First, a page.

Saturday, June 13, 2009


“The real minimum wage is zero.” -Thomas Sowell

Thomas Sowell is an economic rock star. He’s got this gift for getting to the bottom line, so to speak, and is able to make something as potentially dry and boring as the study of the distribution of scarce resources with alternate uses into something I’d actually read and reread. If his book “Basic Economics” were required reading at the high school level, or even earlier, the world would be a better place.

We’ve faced budget crises around here; Sam has no money but insists on paying for his own food at Dairy Queen (“Dad, can I have some money? I want to pay for it myself!”), Kenny wants to buy Pokémon cards at Wal-Mart but is short $2. Michael Jr. wants an iTouch but has no job to support such dreams. Sierra thinks of emptying her bank account for a digital camera she doesn’t have to share with me but can’t reconcile this with her love of telling the boys how much more money she’s saved than them.

For us grown folks the difficulties are more serious and center around questioning our continuing ability to pay for private school as well as every other mounting expense that comes with the decision to have children. It’s an area we can easily start off feeling confident about but lose our swagger as we see the negative effects of the economy all around us. It’s feels unreal; we live in an area that’s second best in the nation for job production and employment but we’re seeing businesses close all around us.

So, belts are being tightened and budgets drawn up. We’re saying “No” more often and making do where we can. I don’t know if the current state of the economy will touch us directly but the idea of living beneath our means is becoming more and more attractive.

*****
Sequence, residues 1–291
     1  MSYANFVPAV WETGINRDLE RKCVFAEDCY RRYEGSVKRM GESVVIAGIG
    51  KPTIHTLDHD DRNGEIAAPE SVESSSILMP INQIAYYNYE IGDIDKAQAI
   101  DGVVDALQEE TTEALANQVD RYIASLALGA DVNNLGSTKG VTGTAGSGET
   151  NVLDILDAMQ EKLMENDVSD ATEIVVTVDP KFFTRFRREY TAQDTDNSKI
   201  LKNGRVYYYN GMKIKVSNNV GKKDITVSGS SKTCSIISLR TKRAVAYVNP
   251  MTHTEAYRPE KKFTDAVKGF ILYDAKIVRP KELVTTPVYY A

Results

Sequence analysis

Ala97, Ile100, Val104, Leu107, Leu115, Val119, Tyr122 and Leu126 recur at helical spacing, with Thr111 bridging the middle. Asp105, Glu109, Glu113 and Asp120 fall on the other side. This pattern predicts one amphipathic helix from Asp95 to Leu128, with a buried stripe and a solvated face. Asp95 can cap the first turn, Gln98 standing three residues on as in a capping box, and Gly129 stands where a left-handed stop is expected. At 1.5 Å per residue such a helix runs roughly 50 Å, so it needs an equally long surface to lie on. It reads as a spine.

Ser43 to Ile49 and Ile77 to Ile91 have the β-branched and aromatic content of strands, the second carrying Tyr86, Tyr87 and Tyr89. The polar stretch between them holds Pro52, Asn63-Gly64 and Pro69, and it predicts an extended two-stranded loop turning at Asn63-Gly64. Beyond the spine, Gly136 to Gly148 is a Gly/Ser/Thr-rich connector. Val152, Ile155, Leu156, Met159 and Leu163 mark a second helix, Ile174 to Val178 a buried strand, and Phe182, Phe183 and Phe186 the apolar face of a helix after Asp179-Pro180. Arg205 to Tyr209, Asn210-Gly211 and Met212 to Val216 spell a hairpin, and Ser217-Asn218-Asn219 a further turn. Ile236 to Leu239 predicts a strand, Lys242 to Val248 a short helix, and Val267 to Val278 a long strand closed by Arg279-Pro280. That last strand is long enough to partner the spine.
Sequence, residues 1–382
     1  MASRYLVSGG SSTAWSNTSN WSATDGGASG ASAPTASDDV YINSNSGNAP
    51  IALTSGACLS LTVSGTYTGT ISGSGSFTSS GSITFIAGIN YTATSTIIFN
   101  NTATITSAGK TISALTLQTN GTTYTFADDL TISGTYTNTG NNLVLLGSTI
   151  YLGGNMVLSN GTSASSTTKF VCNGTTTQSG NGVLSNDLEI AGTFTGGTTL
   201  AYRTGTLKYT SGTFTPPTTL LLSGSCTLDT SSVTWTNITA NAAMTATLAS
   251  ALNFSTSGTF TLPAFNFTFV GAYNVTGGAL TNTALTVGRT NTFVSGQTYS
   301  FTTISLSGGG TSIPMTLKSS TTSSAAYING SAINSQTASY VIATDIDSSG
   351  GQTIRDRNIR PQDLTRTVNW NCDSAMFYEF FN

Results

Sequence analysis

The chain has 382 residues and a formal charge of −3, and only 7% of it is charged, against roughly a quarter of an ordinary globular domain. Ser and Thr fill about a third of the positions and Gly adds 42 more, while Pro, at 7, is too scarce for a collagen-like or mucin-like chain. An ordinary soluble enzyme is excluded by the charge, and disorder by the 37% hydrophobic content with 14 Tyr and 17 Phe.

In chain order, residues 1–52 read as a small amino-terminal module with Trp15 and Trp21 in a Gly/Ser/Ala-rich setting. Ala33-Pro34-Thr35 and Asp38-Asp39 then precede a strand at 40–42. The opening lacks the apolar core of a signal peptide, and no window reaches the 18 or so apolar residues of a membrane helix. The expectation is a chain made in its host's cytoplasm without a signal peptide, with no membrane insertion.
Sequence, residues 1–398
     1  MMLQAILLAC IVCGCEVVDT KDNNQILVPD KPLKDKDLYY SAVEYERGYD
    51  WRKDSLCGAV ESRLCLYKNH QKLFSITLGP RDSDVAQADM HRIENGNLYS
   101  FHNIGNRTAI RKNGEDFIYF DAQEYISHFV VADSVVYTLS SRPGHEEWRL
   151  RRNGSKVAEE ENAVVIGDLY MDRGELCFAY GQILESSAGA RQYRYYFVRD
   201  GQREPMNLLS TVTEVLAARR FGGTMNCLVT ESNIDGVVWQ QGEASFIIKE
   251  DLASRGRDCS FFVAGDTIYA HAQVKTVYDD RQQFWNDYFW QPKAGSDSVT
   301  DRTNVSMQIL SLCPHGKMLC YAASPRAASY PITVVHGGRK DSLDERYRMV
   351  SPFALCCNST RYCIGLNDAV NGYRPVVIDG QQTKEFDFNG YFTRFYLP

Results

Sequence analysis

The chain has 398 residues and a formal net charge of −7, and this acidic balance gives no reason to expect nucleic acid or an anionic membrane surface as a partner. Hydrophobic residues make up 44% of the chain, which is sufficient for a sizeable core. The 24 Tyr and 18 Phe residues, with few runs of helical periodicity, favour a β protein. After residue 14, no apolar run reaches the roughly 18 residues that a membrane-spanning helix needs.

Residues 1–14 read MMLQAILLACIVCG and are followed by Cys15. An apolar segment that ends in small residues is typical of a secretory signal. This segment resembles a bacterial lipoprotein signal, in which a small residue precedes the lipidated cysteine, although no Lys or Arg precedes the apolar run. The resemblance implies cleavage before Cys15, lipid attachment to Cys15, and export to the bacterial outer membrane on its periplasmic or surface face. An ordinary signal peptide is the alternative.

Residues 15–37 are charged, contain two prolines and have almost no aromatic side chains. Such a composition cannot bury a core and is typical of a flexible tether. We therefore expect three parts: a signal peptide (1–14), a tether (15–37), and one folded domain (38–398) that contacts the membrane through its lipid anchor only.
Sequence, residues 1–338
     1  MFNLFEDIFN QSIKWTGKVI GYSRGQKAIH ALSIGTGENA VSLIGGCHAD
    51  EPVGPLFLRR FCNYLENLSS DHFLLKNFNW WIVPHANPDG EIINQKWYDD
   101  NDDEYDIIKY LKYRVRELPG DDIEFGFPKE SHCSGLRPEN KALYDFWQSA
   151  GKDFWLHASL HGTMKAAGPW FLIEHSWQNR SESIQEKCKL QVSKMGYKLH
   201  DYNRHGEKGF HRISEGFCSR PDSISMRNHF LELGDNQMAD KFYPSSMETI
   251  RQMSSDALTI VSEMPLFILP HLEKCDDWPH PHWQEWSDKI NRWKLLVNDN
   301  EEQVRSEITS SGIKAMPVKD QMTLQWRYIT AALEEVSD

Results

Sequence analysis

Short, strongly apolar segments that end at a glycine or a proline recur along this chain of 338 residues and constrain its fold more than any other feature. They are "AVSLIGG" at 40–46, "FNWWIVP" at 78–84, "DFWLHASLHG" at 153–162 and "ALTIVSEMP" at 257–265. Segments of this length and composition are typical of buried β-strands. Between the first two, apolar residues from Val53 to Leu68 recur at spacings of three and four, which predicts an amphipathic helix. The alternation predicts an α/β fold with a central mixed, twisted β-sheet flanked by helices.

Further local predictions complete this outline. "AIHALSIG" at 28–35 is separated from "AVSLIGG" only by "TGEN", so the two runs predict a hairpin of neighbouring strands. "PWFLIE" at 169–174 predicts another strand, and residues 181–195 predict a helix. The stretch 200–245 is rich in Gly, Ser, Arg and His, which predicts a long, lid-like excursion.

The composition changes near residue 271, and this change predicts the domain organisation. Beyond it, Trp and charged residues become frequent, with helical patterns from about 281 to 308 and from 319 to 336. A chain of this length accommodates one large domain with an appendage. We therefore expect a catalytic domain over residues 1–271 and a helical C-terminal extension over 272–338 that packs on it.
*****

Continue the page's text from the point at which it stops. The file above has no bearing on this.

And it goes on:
Last night on "20/20" there was an interview with a man running a business from the recesses of his mother’s basement. He’s put together a magazine called “Found” and it highlights his collection of absurd, random bits of humanity in the form of pieces of paper he’s either found or others have found and sent to him. One of his favorites is a typed up budget he found one day:

Rent 600
Cell phone 50
Telephone 50
Elec/Gas 45
Cable 60
Bus/Taxi 60
Food 500
Liquor 600 incl. bars ($20 per day)
Laundry 30
Crack 600
Attorney 250
Misc. 50
Savings 100

Total Income Needed $3,195

You've got to give this person credit; they're at least attempting to live within a budget and save for the future--looks like we all have some belt-tightening to do!
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  1. "Found" was on 20/20? That's crazy! I didn't know that that magazine OR that show were still around.

  2. Ha, Ha - That budget is too funny. With all those addictions, I am surprised that he has time to sit down and write a budget.


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